Hinckley shot President Reagan and crippled Jim Brady for life, so we did pay attention. Basically, the briefing consisted of home assassination movies, with expert narration. We saw the Zapruder film of the Kennedy assassination, backward and forward, in slow motion; saw Arthur Bremer unloading his pistol into George Wallace, paralyzing him for life. The one I remember most vividly was of an attempt on President Park Chung Hee of South Korea. He's giving a speech, surrounded by security men. Someone runs down the aisle, pulls out a pistol, and begins blazing away. President Park coolly ducks behind the podium, while a fierce gun battle ensues. Then one of his security guards takes cover onstage—behind Mrs. Park. And surprise, she's killed. I thought it was an interesting career move on the security man's part. The Secret Service agent narrating this tragic Keystone Kop drama observed, " We don't do it this way."

When the lights went up, the basement room was very quiet. The agent said, "If something happens, you basically have two choices: duck, or take the round." I said,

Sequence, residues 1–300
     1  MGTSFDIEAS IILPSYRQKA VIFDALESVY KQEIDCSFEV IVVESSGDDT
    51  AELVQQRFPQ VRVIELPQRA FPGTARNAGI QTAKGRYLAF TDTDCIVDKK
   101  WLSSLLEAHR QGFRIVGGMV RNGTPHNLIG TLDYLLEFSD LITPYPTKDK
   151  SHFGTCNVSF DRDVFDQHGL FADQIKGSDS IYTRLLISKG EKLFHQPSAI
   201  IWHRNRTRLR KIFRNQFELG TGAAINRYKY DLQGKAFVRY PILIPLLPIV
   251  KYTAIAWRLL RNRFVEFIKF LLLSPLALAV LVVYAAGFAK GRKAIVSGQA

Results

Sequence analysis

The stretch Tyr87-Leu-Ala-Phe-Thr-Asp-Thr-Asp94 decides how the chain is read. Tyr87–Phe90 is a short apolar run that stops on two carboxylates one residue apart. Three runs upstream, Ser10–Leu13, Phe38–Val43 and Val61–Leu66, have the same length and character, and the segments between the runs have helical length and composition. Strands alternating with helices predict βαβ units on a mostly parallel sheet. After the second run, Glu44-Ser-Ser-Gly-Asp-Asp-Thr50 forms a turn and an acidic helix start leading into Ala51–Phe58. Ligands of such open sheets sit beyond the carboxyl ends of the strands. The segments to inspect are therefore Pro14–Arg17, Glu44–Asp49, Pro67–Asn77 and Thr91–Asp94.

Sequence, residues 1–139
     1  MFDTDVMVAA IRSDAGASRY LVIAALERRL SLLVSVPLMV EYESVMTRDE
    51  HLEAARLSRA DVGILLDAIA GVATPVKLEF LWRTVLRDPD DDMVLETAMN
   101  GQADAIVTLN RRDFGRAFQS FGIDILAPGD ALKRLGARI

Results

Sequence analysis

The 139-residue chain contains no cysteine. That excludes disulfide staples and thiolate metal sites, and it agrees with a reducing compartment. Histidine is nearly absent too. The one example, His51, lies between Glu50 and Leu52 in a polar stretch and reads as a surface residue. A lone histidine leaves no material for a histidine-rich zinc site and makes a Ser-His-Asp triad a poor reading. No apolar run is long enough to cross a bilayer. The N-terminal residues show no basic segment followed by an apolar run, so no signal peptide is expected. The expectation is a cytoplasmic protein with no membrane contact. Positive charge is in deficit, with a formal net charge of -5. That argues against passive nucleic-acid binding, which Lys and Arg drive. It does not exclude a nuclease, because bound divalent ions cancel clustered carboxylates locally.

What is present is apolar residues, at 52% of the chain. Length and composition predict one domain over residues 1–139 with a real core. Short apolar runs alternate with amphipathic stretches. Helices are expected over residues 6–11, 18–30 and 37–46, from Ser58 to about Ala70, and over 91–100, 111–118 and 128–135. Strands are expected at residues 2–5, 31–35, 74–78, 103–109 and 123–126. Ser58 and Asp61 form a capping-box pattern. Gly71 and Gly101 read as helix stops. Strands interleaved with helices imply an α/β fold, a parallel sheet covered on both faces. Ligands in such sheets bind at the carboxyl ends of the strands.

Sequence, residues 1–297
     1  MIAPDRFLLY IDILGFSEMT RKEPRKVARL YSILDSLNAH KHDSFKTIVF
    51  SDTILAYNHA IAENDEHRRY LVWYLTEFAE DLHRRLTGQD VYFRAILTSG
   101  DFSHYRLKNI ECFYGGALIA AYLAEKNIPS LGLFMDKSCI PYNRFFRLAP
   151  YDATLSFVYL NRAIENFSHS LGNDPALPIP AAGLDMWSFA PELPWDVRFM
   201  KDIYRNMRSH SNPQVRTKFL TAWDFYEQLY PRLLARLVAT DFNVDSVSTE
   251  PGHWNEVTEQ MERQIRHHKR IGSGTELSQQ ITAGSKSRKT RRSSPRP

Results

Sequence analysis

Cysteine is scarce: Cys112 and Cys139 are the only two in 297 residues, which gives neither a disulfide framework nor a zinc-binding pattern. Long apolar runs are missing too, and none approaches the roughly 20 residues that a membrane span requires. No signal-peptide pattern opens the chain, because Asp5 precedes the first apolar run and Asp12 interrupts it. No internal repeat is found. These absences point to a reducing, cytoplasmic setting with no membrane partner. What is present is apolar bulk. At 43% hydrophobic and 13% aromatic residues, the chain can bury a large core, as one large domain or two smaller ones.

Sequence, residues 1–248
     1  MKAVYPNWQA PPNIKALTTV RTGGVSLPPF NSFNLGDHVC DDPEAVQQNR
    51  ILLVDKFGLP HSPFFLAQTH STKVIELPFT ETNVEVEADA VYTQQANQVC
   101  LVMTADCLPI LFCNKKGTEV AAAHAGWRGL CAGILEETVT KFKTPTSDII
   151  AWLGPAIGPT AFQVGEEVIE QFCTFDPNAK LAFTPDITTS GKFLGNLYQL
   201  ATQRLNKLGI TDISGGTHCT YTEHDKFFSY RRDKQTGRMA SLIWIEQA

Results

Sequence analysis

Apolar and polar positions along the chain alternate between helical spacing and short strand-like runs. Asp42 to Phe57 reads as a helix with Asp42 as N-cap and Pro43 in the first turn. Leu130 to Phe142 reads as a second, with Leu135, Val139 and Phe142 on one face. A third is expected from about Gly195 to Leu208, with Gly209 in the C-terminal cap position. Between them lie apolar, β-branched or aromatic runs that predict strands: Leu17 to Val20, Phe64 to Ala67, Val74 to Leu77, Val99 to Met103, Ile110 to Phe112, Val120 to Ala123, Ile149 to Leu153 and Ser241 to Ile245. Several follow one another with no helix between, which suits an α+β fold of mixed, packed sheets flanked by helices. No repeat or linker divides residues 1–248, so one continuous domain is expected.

“What was the first choice again?" Fond as I already was of Mr. Bush, I was pretty sure that if it came to that, I would opt for Option One.

The OEOB was the creation of an English immigrant architect named Alfred B. Mullett. Poor old Mullett worked 17 years building his masterpiece only to end up suing the government. He felt overworked and underpaid. The government said. Get lost, and Mullet shot himself. His ghost is supposed to wander the two miles of corridors, but I never saw it, even though I spent many late nights in the place.

Let's rejoin Tony by the statue of Andrew Jackson. You can't miss it: it's smack in the middle of. . .